Everything you need to know about scarlet fever, a rash accompanied by a sore throat caused by the streptococcus bacteria.
Reviewed by John Pillinger
Concerned you or your child might have scarlet fever? Here’s everything you need to know about the contagious infection which mostly affects young children.
What is scarlet fever?
Scarlet fever is a rash accompanied by a sore throat caused by the streptococcus bacteria.
The disease most commonly affects children, but can occur in any age group. The characteristic symptoms are a rash and a ‘strawberry tongue’. The disease is treated with antibiotics and it is usually resolved without complications.
How is scarlet fever contracted?
A person can become infected with streptococcus either by touching or through airborne droplets.
Scarlet fever appears together with a streptococcal sore throat. The incubation period – the time that passes from infection until the outbreak of the disease – is three to eight days.
What are the symptoms of scarlet fever?
Scarlet fever is usually accompanied by the following symptoms:
✔️ A sore throat.
✔️ A temperature.
✔️ Feeling generally unwell.
✔️ A rash that develops within 12 hours of the onset and rapidly becomes generalised. In the creases of the skin, especially around the elbows and under the arm pits, it can cause classical red streaks.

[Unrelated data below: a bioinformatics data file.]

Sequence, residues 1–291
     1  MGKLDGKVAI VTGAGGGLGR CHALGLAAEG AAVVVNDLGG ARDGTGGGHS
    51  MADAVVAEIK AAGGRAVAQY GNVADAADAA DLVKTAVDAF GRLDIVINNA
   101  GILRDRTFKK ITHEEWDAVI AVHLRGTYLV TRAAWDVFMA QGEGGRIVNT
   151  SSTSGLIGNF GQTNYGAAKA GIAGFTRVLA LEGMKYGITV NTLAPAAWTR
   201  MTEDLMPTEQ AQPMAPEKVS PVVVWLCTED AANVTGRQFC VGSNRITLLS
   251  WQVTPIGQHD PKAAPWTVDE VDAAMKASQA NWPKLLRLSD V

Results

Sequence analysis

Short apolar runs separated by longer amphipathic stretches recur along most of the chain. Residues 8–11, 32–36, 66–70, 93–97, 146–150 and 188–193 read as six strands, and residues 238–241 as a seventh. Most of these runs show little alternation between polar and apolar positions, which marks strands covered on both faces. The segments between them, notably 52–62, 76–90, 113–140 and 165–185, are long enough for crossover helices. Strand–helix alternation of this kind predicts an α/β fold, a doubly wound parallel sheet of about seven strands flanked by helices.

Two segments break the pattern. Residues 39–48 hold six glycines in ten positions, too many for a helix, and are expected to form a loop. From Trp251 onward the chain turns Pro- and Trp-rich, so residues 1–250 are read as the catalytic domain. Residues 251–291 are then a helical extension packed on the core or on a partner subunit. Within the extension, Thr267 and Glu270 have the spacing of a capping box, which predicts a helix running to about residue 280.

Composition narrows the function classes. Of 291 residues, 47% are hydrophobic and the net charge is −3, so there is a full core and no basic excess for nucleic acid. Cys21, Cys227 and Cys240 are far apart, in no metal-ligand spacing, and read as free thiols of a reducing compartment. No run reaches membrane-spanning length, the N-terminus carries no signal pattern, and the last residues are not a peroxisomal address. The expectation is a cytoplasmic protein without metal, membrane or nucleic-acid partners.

✔️ The cheeks and neck are flushed, and the child looks ‘scarlet’ except for the area around the mouth, which is spared.
✔️ The rash fades after a few days, or sooner if treatment with antibiotics is given, following which the skin undergoes peeling.
✔️ The tongue has a thick, white coating that peels after four or five days, producing a red strawberry appearance.
When should you be concerned?
If your child has any of the symptoms associated with scarlet fever, try the following:
- When the symptoms appear consult a GP.
- The GP will make a diagnosis by assessing the symptoms and examining the throat.
- Pain on swallowing may be eased by hot drinks and soft food.
- Give the patient plenty of fluids.
- Treat the fever with paracetamol, eg calpol and/or Junifen.
⚠️ Scarlet fever is a notifiable disease in the UK. This means that cases are required by law to be reported to a health officer or local government authority.
How is scarlet fever treated?
With treatment, the disease normally disappears within a week without any problems, but can be contagious for between 10 days and three weeks if left untreated.
The rash may last for a very short time particularly if the patient is treated quickly with antibiotics. Children should be excluded from school for at least 24 hours after starting antibiotic treatment.
Scarlet fever complications
Very rarely, particularly if the condition remains untreated, the following complications may occur: